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Butch Jones’ exact buyout isn’t certain, but it’s definitely more than $6 million

Tennessee will have to pay up to fire its coach.

Georgia v Tennessee Photo by Joe Robbins/Getty Images

If Tennessee decides to fire head football coach Butch Jones during this season, it’ll cost the Volunteers more than $6 million in buyout money. The number could be as high as about $9 million, but it’s difficult to know for sure how it’d break down. (After getting thrashed 41-0 by Georgia on Saturday, Jones’ buyout is a pertinent issue.)

When Tennessee hired Jones in 2012, his contract outlined these buyout terms in the event UT ever fired him “without cause,” i.e. for poor on-field performance: $2 million to Jones for every full year left on his deal at the time of his firing, plus the prorated portion of that for the remainder of the current year.

Under those terms, Jones’ buyout if Tennessee fired him on Oct. 1 would be $6.82 million.

His contract runs for three full years after this one (a total of $6 million), and the prorated portion for the last 150 days of Jones’ current contract year would be about $822,000. In Jones’ deal, the new year starts on March 1. If he’s fired and gets another coaching job, Tennessee’s obligations decrease by whatever he makes.

Jones signed an extension in 2014 that raised his annual compensation $500,000 per year, to around $4 million. It’s been reported that Jones’ extension upped his buyout to $2.5 million per full year, which would be a commensurate bump with his pay raise. But his extension doesn’t say anything about the section of his initial contract that deals with UT’s buyout of Jones if it decides to fire him.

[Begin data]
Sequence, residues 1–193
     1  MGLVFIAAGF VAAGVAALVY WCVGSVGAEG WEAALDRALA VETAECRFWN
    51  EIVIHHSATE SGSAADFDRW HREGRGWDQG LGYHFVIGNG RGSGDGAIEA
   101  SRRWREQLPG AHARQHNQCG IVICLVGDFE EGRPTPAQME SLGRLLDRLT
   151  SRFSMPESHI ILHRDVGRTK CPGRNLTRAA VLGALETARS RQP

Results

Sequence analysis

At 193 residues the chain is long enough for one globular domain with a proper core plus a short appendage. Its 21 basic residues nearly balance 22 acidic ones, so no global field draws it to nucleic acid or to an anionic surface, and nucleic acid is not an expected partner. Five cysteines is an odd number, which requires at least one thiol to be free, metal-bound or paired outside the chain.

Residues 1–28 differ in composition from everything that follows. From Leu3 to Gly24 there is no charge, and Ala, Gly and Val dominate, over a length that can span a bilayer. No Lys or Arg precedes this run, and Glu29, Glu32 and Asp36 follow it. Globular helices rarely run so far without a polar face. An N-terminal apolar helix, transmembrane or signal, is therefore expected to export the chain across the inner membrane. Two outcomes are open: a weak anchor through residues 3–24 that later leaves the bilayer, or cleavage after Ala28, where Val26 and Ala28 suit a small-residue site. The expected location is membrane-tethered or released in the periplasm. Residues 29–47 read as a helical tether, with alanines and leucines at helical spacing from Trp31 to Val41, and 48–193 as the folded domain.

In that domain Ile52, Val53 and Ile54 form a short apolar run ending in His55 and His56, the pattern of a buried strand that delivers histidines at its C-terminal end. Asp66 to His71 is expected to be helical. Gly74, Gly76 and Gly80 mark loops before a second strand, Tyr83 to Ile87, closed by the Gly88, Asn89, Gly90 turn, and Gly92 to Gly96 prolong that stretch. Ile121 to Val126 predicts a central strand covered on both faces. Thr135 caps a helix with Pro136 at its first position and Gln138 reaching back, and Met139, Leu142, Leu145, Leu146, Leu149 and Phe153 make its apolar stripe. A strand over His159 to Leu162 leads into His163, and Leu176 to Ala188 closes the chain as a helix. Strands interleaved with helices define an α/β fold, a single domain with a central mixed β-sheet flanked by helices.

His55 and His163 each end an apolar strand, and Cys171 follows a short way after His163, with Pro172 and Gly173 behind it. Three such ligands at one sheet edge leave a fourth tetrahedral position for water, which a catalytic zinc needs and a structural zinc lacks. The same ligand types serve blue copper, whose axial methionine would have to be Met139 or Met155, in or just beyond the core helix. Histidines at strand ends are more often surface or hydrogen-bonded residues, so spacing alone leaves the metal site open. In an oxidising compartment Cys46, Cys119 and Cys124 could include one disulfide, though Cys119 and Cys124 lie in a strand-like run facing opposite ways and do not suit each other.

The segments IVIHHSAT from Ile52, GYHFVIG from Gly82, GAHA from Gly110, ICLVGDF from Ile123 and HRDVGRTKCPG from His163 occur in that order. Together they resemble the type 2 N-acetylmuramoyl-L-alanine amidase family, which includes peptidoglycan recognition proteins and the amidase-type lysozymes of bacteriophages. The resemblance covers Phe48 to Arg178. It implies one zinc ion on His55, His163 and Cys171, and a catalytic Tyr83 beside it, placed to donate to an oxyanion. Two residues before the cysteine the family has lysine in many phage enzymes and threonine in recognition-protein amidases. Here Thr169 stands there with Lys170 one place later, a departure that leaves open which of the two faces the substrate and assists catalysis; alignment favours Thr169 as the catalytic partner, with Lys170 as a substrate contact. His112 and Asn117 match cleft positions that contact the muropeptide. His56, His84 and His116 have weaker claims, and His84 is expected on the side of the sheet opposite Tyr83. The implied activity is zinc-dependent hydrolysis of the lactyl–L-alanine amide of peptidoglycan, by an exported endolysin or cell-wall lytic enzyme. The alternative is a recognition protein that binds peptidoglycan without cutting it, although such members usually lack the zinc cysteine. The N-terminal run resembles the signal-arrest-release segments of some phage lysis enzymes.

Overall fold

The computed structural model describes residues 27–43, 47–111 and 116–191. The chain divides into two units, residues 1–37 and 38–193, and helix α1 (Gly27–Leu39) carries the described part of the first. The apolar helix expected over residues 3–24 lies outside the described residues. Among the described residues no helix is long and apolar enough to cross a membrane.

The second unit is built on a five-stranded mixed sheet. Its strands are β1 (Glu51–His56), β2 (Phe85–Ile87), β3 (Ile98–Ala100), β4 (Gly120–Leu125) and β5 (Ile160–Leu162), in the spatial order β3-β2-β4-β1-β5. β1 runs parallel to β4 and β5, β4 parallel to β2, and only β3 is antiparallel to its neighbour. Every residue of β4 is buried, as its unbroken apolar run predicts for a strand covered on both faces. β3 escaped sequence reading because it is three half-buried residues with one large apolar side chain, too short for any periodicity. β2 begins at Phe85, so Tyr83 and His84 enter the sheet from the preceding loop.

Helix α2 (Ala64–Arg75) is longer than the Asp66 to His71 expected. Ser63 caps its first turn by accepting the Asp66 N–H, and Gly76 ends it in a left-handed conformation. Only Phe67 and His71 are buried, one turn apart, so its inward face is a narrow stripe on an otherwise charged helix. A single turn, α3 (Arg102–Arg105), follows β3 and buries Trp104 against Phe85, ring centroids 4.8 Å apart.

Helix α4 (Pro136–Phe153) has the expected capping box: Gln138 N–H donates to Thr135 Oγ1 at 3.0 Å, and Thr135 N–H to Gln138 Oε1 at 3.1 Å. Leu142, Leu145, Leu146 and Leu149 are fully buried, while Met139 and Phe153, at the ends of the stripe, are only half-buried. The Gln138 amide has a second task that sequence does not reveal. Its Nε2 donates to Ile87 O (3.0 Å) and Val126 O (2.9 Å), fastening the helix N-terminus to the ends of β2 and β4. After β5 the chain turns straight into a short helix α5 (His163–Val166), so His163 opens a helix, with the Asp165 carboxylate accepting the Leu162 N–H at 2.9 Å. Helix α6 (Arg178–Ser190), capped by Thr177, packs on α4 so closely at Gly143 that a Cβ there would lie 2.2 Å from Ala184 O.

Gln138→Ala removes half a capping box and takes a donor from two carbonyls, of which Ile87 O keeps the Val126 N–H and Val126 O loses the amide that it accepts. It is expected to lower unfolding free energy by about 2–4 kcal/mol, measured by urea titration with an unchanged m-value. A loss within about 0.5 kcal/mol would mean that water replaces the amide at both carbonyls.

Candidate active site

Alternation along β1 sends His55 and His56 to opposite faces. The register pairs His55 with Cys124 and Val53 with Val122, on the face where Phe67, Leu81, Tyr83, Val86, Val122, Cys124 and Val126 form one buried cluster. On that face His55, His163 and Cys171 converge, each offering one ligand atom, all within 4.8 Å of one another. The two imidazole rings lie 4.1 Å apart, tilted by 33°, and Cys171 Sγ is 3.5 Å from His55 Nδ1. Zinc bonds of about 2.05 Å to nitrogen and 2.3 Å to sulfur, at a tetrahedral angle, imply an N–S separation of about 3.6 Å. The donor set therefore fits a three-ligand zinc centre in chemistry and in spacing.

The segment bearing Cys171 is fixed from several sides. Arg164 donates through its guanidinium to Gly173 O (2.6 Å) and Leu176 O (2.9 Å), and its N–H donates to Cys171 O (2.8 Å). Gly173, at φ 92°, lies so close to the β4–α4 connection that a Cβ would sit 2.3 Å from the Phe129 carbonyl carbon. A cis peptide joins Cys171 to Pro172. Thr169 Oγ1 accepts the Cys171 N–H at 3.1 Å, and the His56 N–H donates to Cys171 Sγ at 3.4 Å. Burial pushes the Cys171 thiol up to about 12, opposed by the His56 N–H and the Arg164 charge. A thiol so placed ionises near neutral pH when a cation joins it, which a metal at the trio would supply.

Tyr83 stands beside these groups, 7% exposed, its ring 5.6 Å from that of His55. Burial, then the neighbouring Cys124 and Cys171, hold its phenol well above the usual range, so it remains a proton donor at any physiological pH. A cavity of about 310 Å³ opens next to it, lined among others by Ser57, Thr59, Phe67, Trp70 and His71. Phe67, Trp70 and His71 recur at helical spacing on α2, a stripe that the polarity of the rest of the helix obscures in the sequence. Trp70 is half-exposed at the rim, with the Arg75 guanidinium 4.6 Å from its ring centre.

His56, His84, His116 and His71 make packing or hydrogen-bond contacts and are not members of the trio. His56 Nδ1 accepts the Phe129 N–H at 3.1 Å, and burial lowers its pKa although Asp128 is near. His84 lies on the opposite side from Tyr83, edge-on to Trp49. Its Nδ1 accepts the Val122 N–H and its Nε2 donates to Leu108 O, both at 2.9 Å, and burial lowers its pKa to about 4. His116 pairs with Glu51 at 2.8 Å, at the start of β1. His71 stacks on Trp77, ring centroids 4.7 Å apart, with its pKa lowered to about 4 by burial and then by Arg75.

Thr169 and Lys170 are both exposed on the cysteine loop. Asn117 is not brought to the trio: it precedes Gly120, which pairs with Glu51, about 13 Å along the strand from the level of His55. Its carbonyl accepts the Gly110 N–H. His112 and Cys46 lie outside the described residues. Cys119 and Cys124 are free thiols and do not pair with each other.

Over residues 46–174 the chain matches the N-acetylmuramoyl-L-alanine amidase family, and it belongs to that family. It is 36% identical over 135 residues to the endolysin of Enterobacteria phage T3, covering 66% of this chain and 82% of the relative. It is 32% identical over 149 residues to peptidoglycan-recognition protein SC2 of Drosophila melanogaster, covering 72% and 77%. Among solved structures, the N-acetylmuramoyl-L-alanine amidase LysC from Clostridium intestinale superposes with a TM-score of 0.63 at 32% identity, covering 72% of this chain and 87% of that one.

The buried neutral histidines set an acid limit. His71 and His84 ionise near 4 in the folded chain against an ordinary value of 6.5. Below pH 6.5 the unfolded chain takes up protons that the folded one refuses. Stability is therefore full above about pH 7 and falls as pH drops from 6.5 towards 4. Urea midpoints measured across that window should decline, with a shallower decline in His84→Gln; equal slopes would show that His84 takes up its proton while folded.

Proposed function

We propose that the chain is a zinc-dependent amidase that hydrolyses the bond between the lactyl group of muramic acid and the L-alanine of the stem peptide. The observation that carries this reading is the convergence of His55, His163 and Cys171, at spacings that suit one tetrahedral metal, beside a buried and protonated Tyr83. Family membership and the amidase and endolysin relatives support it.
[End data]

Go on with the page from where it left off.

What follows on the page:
That issue’s significant. If Jones’ buyout really did go up $500,000 per year, he’d stand to make an additional $1.5 million just from the full years being bought out.

Using that $2.5M number, ESPN’s Darren Rovell also reported Jones’ buyout value was $9.2 million on Sept. 30:

I’ve found no indication that Jones’ buyout money (in the event of UT firing him, not him leaving on his own) went up when he got his contract extension. I’ve asked Tennessee’s athletic department for clarification, to see if something that’s not clear from Jones’ contract and extension documents is at work here. (If you’ve got a tip about this, definitely do let me know in an email or the comments.)

Because of that and the possibility that Jones’ representatives fight with Tennessee about specifics, it’s hard to say exactly how much Tennessee would need to pay Jones not to coach football in Knoxville anymore. But if he’s fired this year, it’ll definitely be north of $6 million, and those other factors could push it closer to $9 million.

Firing coaches in major college football is expensive.

Because it’d be a recruiting problem to let a coach’s deal simply run out (or even get down to about two years left), coaches generally have financial guarantees that last well beyond the time the school is certain it’ll keep the coach around. If UT fires Jones, he’ll make out just fine.